A quick take on the budget deal that has been reached.
- We are not presently in a recession. The NBER, the official recordkeeper on the business cycle, says so. Consequently, by definition we are not in a recession.
- We’ve been in a tepid recovery since June 2009, before disbursement of money under the America Reinvestment and Recovery Act (stimulus package) took place. That means that the ARRA played at most a minor role in preventing a “double dip” recession.
- It’s more likely that it “time shifted” some economic growth which meant that growth was slower in the period from which the time shifting took place than otherwise might have been the case.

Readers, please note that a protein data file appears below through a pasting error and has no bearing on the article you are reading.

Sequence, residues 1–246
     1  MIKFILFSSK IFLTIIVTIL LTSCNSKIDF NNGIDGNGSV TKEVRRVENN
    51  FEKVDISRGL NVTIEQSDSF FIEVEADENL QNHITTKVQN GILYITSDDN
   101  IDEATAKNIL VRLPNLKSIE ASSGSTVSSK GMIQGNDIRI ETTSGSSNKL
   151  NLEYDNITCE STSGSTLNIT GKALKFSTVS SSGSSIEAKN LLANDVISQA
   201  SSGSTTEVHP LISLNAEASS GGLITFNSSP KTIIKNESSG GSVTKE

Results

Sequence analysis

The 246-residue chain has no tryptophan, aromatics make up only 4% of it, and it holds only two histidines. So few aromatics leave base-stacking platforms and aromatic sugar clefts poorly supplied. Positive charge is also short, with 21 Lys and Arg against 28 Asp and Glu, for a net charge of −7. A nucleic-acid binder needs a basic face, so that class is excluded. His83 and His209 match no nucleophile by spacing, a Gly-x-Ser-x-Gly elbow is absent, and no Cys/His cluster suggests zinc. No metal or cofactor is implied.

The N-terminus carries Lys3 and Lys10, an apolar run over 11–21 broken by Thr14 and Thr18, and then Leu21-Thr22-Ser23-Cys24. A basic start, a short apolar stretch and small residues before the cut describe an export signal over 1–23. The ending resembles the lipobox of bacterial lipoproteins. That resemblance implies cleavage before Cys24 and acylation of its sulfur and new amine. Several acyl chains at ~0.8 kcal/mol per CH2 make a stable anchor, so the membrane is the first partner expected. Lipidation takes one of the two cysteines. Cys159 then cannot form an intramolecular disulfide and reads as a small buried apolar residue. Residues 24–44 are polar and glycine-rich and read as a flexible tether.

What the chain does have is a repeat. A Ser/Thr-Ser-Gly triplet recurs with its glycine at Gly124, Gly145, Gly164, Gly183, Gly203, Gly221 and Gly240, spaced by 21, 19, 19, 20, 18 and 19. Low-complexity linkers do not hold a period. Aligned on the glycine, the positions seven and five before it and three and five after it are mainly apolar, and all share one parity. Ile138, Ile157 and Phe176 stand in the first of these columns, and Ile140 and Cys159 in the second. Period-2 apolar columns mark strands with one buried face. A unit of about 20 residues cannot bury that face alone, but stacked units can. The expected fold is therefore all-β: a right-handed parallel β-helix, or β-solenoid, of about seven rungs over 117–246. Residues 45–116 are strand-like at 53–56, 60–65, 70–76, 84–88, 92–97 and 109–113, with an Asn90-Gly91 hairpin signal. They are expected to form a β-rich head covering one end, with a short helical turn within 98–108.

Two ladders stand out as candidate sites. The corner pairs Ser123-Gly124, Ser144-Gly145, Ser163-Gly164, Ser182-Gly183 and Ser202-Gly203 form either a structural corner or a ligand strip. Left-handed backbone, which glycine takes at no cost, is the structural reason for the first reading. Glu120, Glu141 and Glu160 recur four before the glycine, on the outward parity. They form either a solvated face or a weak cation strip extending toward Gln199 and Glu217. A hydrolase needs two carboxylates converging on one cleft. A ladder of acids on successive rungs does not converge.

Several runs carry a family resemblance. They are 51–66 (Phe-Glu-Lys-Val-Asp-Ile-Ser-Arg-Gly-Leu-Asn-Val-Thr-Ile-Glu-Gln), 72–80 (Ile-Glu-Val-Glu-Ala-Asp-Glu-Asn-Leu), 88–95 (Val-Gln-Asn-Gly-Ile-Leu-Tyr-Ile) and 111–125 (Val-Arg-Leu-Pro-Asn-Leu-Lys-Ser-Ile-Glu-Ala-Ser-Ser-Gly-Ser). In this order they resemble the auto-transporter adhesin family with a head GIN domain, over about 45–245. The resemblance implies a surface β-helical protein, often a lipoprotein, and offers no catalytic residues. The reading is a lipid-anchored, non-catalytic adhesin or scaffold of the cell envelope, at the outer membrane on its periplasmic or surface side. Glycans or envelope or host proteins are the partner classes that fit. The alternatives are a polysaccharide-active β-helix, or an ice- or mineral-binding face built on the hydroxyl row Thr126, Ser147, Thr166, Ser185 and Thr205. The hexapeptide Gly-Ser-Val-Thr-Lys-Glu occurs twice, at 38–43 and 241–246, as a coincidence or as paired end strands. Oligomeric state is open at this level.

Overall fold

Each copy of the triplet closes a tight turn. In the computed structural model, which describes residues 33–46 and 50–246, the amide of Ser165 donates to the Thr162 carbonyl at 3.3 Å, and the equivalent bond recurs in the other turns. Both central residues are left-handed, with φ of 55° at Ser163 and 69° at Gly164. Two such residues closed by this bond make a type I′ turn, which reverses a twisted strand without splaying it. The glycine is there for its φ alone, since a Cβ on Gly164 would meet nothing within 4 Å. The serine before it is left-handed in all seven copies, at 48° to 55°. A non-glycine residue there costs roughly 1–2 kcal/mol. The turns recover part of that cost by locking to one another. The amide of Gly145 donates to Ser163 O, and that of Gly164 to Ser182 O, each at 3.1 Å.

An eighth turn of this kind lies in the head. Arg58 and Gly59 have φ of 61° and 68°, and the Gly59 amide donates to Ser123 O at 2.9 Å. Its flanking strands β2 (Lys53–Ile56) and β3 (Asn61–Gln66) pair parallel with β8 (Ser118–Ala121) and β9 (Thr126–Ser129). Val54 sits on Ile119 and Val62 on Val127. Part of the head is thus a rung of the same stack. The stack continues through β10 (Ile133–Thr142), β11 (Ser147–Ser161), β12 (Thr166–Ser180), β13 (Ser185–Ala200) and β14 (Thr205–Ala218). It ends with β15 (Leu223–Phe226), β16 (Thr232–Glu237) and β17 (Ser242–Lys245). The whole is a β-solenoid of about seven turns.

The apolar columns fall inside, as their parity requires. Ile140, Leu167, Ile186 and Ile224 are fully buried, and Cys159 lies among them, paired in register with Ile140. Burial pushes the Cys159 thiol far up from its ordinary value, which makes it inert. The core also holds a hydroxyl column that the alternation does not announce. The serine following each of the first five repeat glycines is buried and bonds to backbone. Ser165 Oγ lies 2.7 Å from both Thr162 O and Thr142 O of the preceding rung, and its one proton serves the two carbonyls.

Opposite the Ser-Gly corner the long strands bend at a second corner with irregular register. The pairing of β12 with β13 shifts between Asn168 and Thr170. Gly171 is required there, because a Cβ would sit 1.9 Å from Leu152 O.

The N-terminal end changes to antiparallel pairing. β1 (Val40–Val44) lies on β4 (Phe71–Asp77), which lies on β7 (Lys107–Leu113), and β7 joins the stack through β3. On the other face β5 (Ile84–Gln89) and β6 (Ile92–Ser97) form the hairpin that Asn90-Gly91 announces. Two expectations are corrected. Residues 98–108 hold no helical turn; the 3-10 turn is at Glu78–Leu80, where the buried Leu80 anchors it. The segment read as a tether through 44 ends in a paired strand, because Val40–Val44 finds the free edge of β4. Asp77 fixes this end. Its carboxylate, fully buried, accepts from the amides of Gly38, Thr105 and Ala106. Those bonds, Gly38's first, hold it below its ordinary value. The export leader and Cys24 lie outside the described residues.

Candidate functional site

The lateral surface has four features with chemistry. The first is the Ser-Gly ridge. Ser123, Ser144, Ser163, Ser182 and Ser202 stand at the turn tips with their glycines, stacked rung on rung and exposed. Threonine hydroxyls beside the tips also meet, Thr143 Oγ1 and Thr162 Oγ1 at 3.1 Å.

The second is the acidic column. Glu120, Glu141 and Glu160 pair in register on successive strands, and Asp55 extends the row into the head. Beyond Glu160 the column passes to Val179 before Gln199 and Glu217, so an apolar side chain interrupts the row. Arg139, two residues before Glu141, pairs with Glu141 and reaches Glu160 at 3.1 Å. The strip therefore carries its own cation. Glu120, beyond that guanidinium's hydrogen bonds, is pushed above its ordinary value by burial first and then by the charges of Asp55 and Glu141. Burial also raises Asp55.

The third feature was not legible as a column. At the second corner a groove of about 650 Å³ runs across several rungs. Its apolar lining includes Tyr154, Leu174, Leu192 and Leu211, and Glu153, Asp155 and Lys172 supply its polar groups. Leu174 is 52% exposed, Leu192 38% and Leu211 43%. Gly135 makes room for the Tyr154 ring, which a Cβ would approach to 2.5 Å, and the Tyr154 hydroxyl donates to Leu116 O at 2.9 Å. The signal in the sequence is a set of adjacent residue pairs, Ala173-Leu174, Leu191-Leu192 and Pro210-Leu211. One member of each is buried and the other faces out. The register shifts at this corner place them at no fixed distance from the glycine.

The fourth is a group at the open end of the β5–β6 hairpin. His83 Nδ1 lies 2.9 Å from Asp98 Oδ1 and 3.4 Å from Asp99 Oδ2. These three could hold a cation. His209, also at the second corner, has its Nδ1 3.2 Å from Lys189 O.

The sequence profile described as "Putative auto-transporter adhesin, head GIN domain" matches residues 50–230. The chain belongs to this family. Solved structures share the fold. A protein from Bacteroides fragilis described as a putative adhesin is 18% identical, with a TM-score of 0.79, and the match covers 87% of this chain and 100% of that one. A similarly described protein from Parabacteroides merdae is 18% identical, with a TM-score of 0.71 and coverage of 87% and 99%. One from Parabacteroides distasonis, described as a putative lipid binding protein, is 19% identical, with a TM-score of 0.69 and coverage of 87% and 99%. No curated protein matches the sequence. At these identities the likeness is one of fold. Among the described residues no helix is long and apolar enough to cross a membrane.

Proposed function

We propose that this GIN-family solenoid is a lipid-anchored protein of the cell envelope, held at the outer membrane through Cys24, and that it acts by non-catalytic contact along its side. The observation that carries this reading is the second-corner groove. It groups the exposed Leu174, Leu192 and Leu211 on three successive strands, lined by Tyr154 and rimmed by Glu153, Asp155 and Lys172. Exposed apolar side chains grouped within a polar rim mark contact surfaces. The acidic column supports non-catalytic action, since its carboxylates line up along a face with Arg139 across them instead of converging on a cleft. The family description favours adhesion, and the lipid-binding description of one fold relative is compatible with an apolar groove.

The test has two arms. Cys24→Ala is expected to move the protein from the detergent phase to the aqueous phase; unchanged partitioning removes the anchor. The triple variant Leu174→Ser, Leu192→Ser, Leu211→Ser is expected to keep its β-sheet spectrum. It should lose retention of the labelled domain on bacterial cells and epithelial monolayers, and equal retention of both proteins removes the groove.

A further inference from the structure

- Debt burden has probably played a part in slowing U. S. economic growth.
- According to the CBO the new budget deal will probably result in a deficit of nearly $1 trillion in 2018.
- Since we’re not in a recession, there is no shortfall in aggregate demand and for the additional deficit spending to increase future growth it would need to be invested. Business investment has been slack for quite a while.
- The increase in the deficit will definitely increase debt which will provide additional headwinds against growth.
- It could be that other factors will outweigh those headwinds.
Or, said another way, I don’t think that deficits are always bad or always good but somewhere in between, dependent on circumstances. We’re now engaged in a great experiment in deficit spending and indebtedness. I hope it turns out well but I fear it won’t.